5. community engagement to ensure public demand for a supportive policy environment 

The Boston Fund’s experience especially highlights the importance of a strong policy environment and community support for quality schools. After the recent rapid growth of charter schools in Boston, nearly all charter school seats have been allocated under the current cap. This cap prevented Brooke Charter Schools, which operates possibly the highest-performing K-8 school in the state and has over 3,000 families on its waitlist, from receiving a charter for a fourth school in 2013. The state legislature had an opportunity to change this in 2014, but instead voted down legislation to incrementally increase the charter cap. Going forward, we believe that growing community support for quality schools and the increasing momentum among leaders at the state and local level to support quality and collaboration lends great promise to future opportunities for more charter school growth, and more students with access to high-quality schools.

If you’d like to lend your voice, funds, or time to the effort to create more high-quality schools in Boston, we encourage you to follow the Massachusetts Charter Public School Association, Families for Excellent Schools, Democrats for Education Reform, and the Boston Schools Fund

Read the detailed report on the Boston Fund


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The Expectations Project Sees Power in Faith Communities Tue, 21 Jul 2015 23:35:32 +0000 Faith leaders are trusted voices who can facilitate conversations and collaboration across political, racial and socioeconomic difference. They bring a deeply rooted sense of hope that educational excellence and equity can be achieved in our lifetime. As the impact of The Expectations Project grows, more faith leaders and their congregations will convene families and raise their voices in support of policies and practices that improve educational outcomes for all our children.

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Equity Reports: Transparent Data to Spark Change Mon, 20 Jul 2015 14:12:29 +0000 […]]]> Despite major changes in DC’s education reform landscape, the black-white achievement gap remains the largest in the country. According to the 2013 National Assessment of Educational Progress (NAEP), the gap between white students’ proficiency levels and black students’ has widened since 2007 to 55 points, representing years of difference in academic achievement. A similar gap exists between Hispanic and white students, highlighting the issue that DC has struggled to provide an equitable education to its neediest students. Achieving equity in education means that all students receive an education that meets their needs, regardless of what school they attend or their race, ethnicity, gender, family income level, special education status or other factors. Equity goes beyond ensuring that students are performing well on tests, but also looking at how students are being served in a school.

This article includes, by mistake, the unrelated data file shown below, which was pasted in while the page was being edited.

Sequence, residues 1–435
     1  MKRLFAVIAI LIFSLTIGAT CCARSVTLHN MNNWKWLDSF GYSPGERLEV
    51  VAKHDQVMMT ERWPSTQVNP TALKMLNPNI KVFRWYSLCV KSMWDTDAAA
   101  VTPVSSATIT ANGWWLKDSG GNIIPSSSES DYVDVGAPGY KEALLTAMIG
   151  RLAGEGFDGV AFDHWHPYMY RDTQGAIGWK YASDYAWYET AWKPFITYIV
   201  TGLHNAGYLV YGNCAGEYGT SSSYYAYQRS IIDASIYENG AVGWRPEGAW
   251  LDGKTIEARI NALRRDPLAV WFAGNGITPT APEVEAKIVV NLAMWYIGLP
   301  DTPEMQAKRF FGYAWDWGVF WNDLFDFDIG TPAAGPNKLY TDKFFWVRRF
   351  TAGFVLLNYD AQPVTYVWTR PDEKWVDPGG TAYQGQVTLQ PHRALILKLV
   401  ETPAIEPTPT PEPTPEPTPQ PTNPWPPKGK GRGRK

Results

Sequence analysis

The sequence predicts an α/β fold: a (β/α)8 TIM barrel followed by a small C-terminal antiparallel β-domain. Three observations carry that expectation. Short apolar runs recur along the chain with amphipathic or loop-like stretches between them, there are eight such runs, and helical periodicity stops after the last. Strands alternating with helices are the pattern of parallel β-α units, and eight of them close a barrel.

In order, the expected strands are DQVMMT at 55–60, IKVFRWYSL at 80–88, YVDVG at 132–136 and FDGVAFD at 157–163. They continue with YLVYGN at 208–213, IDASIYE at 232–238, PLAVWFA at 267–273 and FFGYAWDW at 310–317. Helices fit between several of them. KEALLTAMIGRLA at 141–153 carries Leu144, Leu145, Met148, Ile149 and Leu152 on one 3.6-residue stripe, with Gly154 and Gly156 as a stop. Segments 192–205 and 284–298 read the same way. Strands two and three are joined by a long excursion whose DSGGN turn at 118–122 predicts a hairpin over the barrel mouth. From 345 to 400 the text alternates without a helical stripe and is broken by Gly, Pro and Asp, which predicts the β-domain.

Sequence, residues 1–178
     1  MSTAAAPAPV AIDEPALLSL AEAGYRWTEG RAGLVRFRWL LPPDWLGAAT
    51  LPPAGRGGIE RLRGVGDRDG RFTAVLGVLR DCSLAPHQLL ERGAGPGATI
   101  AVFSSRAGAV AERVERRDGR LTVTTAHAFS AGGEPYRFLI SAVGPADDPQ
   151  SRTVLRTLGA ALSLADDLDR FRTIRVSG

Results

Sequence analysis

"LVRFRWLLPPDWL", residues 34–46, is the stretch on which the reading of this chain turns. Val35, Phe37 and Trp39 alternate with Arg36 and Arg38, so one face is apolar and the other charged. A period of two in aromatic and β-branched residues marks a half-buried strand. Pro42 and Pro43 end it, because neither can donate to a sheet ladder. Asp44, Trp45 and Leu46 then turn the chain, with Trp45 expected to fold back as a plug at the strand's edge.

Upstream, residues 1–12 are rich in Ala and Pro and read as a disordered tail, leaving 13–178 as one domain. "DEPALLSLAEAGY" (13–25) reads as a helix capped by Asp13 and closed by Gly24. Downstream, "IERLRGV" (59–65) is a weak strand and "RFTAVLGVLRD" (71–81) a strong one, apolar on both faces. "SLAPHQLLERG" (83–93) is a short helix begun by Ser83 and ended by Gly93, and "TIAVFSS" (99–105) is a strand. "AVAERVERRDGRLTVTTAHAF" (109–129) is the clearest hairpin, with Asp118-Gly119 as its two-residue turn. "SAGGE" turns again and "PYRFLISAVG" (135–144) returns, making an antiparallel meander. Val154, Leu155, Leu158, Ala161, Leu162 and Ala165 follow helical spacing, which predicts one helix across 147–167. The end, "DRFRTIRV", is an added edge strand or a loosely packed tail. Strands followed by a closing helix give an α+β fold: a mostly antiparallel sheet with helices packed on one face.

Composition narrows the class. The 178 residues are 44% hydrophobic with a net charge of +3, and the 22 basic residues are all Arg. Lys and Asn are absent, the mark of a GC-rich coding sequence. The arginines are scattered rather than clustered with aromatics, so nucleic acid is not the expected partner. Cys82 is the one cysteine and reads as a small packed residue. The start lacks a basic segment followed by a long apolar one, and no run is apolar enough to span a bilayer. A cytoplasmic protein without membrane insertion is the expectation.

In DC, we have made great strides in creating publicly available, transparent data on equity metrics through a collaboration across multiple organizations. For a long period of time, relevant information was siloed among different education agencies. In DC, where forty-five percent of students attend charter schools, it was especially difficult to compare schools across both district and charter schools. In 2013, DC Public Schools (DCPS), the DC Public Charter Schools Board (PCSB), the Office State Superintendent of Education (OSSE), the Office of the Deputy Mayor of Education, and NewSchools Venture Fund partnered together to tackle the task of producing equity reports for every public school in the city.

The result of this collaboration is a collection of equity reports, published for every school in the city, which compare the same data across all schools and by student subgroups.  Now in its second year, these reports are meant to capture important information that reflects how well a school is doing in providing an equitable education for its students. The reports include the following data, each of which is shown for individual student subgroups:

  • Performance: Student achievement as measured by proficiency on the state assessment, student academic growth and high school graduation rates,
  • Discipline: Suspension and expulsion rates,
  • Attendance: The average percentage of students attending school on a given day, and
  • Mobility: Month-by-month withdrawal and entry data.